Garden-time, out of season
Published on -3/4/2013, 4:09 PM
It seems odd to be writing about last year's garden in February, but this was a strange season.
Early spring, early autumn, climate indifferent to the solstices, shrugging off the equinoxes.
I placed my hoses and mulch last February and had cold-tolerant seeds and plants in the ground by March.
The cool early season was great for the herb garden. I could afford to pick the various mints like tea leaves -- just the tender tips, clean and succulent. Dried then vac-packed and frozen, they'll stay pungent for years.
The belladonna emerged in full vigor while it was still cool, as did the garlic chives, tarragon, celery-flavored lovage, and self-seeded cilantro and snapdragons. Multiple pickings, all finest-kind.
Strips of woven row-crop cover protected tiny carrot and lettuce seeds from sun, insects, and wind until they germinated. Mere weeks later, the rows yielded baskets of multicolored roots and leaves.
Summer came early too - with a vengeance. Triple-digit temps for weeks on end.
The beets, beat up by a hail storm, never fully recovered, but we still had enough. The same hail knocked off two thirds of the peaches and all the apricots, but the survivors were very tasty.
Some harvests were borne premature. The corn had fewer earworms, but the stalks were stunted by the hot winds.
Onions and potatoes maxed out early, serendipitously during our daughter's visit. Nicholas enjoyed pulling purple onions, piling them in the wheelbarrow, and spreading them on the shed floor to cure. He also, er, cultivated the ability to spot dark purple potatoes among the clods I scattered with the spade fork.
Some of the stored onions were starting to sprout or soften by this past October, so I juiced some and shredded some for the freezer; the rest went into the basement fridge, where they're still in good shape for fresh use. Put a couple sacks of potatoes in the fridge too, to inhibit sprouting.
Beans didn't do well. The vines looked OK, but the hot wind kept them from blooming normally. We had enough for fresh use, but none to freeze. Fortunately, the freezer still contains a goodly supply, vac-sealed in 2011.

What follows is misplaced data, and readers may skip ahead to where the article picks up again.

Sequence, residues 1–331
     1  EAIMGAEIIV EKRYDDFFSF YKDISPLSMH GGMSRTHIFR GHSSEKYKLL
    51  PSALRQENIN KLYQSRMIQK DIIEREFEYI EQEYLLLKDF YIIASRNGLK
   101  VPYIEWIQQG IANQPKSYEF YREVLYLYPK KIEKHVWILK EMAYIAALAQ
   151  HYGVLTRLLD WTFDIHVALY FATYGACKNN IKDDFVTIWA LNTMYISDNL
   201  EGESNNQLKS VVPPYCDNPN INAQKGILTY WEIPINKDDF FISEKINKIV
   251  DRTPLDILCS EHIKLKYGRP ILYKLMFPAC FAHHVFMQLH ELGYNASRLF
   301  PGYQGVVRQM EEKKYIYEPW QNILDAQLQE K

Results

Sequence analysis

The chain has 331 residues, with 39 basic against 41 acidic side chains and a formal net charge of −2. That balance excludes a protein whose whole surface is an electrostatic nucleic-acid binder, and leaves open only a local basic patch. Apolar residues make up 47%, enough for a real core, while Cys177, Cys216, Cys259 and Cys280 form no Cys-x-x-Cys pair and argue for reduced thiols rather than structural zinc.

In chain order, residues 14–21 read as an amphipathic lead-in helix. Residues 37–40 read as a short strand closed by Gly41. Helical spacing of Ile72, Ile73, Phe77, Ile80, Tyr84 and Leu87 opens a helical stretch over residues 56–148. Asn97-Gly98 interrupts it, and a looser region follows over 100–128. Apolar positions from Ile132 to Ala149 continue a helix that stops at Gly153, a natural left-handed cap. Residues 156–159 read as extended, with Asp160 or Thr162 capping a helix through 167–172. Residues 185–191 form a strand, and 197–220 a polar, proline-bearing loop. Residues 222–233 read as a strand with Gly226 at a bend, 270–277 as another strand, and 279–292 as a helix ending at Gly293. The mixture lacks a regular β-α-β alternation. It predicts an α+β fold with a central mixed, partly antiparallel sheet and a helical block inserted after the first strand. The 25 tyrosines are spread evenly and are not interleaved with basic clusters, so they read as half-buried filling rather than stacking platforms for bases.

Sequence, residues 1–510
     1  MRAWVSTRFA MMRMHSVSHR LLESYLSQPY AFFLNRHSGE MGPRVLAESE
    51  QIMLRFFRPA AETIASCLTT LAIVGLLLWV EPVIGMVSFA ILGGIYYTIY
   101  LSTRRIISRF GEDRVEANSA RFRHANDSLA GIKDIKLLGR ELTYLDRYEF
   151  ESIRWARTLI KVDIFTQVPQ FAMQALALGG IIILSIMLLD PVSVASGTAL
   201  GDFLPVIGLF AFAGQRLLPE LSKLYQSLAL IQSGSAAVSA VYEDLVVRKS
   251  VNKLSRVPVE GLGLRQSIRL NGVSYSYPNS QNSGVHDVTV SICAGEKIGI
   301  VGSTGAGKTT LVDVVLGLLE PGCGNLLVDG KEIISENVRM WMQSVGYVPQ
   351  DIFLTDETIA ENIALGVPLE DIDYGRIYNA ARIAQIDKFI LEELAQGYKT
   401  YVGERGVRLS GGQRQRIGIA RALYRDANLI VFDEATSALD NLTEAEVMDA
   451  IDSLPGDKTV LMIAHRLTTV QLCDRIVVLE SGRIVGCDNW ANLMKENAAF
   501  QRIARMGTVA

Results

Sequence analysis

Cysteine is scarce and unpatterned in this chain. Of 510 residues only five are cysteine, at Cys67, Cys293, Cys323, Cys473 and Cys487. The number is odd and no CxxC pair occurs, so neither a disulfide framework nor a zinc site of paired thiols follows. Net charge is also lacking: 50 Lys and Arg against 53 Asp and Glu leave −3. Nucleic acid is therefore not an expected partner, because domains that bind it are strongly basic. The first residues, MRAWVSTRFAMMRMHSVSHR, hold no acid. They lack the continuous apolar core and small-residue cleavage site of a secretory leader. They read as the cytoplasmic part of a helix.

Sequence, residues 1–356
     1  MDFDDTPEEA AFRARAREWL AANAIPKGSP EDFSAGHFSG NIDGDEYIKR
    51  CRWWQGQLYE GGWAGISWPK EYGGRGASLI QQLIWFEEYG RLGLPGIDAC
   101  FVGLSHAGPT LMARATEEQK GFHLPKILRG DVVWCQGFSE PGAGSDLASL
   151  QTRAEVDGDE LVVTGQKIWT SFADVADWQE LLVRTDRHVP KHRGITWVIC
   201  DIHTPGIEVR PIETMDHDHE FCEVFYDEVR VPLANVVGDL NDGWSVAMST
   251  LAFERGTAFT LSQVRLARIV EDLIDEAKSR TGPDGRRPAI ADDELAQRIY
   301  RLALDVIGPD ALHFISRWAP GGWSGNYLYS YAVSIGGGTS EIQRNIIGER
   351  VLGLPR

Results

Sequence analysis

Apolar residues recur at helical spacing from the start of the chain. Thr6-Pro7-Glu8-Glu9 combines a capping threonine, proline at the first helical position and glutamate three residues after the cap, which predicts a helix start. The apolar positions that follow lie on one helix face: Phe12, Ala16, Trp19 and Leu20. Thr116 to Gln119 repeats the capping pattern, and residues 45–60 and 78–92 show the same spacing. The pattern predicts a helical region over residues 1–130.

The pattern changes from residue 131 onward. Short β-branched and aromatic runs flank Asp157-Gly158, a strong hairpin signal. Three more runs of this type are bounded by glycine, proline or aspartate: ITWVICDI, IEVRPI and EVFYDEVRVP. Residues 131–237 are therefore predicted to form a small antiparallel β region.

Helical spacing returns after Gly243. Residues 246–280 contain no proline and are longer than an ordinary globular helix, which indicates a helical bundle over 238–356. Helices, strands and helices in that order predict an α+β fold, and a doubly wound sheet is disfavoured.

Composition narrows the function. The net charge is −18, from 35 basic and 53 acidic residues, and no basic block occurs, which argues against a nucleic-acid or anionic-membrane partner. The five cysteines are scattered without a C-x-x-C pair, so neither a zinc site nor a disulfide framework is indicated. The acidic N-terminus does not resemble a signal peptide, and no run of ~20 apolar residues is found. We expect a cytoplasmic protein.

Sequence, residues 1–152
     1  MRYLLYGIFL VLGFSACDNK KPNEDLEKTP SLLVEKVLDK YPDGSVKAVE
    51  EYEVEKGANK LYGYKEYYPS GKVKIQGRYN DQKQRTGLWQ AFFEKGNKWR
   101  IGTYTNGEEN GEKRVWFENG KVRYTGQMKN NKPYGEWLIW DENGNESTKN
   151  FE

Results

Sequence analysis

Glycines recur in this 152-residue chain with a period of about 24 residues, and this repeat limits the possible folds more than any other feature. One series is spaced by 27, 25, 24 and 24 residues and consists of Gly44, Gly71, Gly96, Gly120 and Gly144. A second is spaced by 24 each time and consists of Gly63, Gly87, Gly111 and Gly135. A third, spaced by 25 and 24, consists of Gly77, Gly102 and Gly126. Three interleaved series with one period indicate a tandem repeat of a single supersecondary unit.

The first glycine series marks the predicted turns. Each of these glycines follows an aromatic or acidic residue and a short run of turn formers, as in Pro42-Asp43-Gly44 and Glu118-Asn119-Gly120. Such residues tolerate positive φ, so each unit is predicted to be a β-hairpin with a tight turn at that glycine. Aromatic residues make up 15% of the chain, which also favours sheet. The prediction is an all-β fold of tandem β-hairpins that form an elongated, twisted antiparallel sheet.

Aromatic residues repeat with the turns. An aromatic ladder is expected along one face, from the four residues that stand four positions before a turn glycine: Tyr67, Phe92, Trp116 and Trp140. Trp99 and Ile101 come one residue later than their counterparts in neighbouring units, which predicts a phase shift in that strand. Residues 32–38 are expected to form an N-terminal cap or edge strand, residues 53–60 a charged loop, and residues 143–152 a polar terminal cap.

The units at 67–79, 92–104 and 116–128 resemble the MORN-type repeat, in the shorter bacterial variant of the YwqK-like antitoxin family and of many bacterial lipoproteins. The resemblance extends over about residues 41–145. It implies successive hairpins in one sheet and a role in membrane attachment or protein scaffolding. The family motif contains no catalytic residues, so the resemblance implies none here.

Like those of several people I talked to, our tomatoes were sub-par. Drip-watered and fertilized, the vines grew vigorously despite the scorching sun, but they wouldn't set fruit until relatively late. Such fruit as did materialize seemed disinclined to ripen. As the first hard frost threatened, I picked a bunch to ripen indoors. This worked out fairly well; though there weren't enough for major t-juice production, I had plenty to dehydrate.
Cool-dehydrated tomatoes are versatile. They can be crumbled into pasta sauce or chili, where they should be used sparingly due to their intense flavor. Dried tomatoes keep well when placed in small jars and covered with hot olive oil, then allowed to seal. Sometimes garlic and rosemary can be added before the oil, to provide a more complex flavor.
But if you want to make ketchup or any concentrated tomato-based sauce, dehydrated tomatoes are the way to go. Just grind them briefly in a blender, add enough water to achieve the desired consistency, and finish with any vinegars, herbs and spices your recipe suggests. A brief simmer brings out the full, rich tomato flavor. Contrast that with the standard practice: mash up tomatoes in a kettle and then boil the crrrap out of them -- along with many of the vitamins and enzymes that make them nutritious -- until enough water and fragrance has steamed away to leave behind a reddish-brown gunk.
I grew some gourds again this year -- the "birdhouse" variety, composed of two globes, the smaller atop the larger, separated by a slender neck, like an hourglass. The two small hills erupted despite the withering heat, scaling the makeshift supports and spanning the gap to the adjacent tall trellis, usurping that space too. I pruned off hundreds of blossoms, small fruit, and new tendrils to focus the plants' resources on building good-sized mature gourds from the first fruit to set. I still harvested fifty large gourds, which will make baskets, bowls, vases, and perhaps an actual birdhouse or two.
Previously it was miniature birdhouse and little "spinning bottle" gourds. I fashioned one of the latter into a baby rattle for granddaughter number two, who arrived in January. The design is based on the larger Gourd Dance rattles from our Rez days, including a white buckskin-tipped handle with fringe. Granddaughter number one adopted hers as her favorite toy, and her frequent chewing (or gumming) didn't seem to bother the buckskin fringe.
I planted some late spinach -- too late, but still in time for a few salads, along with the persistent arugula, which lost some of its wasabi-hot piquancy with the onset of cooler weather. Waiting for the greens did delay the process of retiring the garden -- cleaning away the biomass, feeding it into a shredder, spreading it on the bare soil, and tilling it in. Finally got it done, though not before next year's seed catalogs started arriving. It's such a relief to get it all cleaned up, but the pain fades from memory when colorful new catalogs beckon. What would Ulysses do?
If last year's heat is becoming the new norm, gardening could become a whole lot less fun. Alas, since global warming isn't a fabrication, we're in for a rough ride.
Jon Hauxwell, MD, is a retired family physician who grew up in Stockton and now lives outside Hays. email@example.com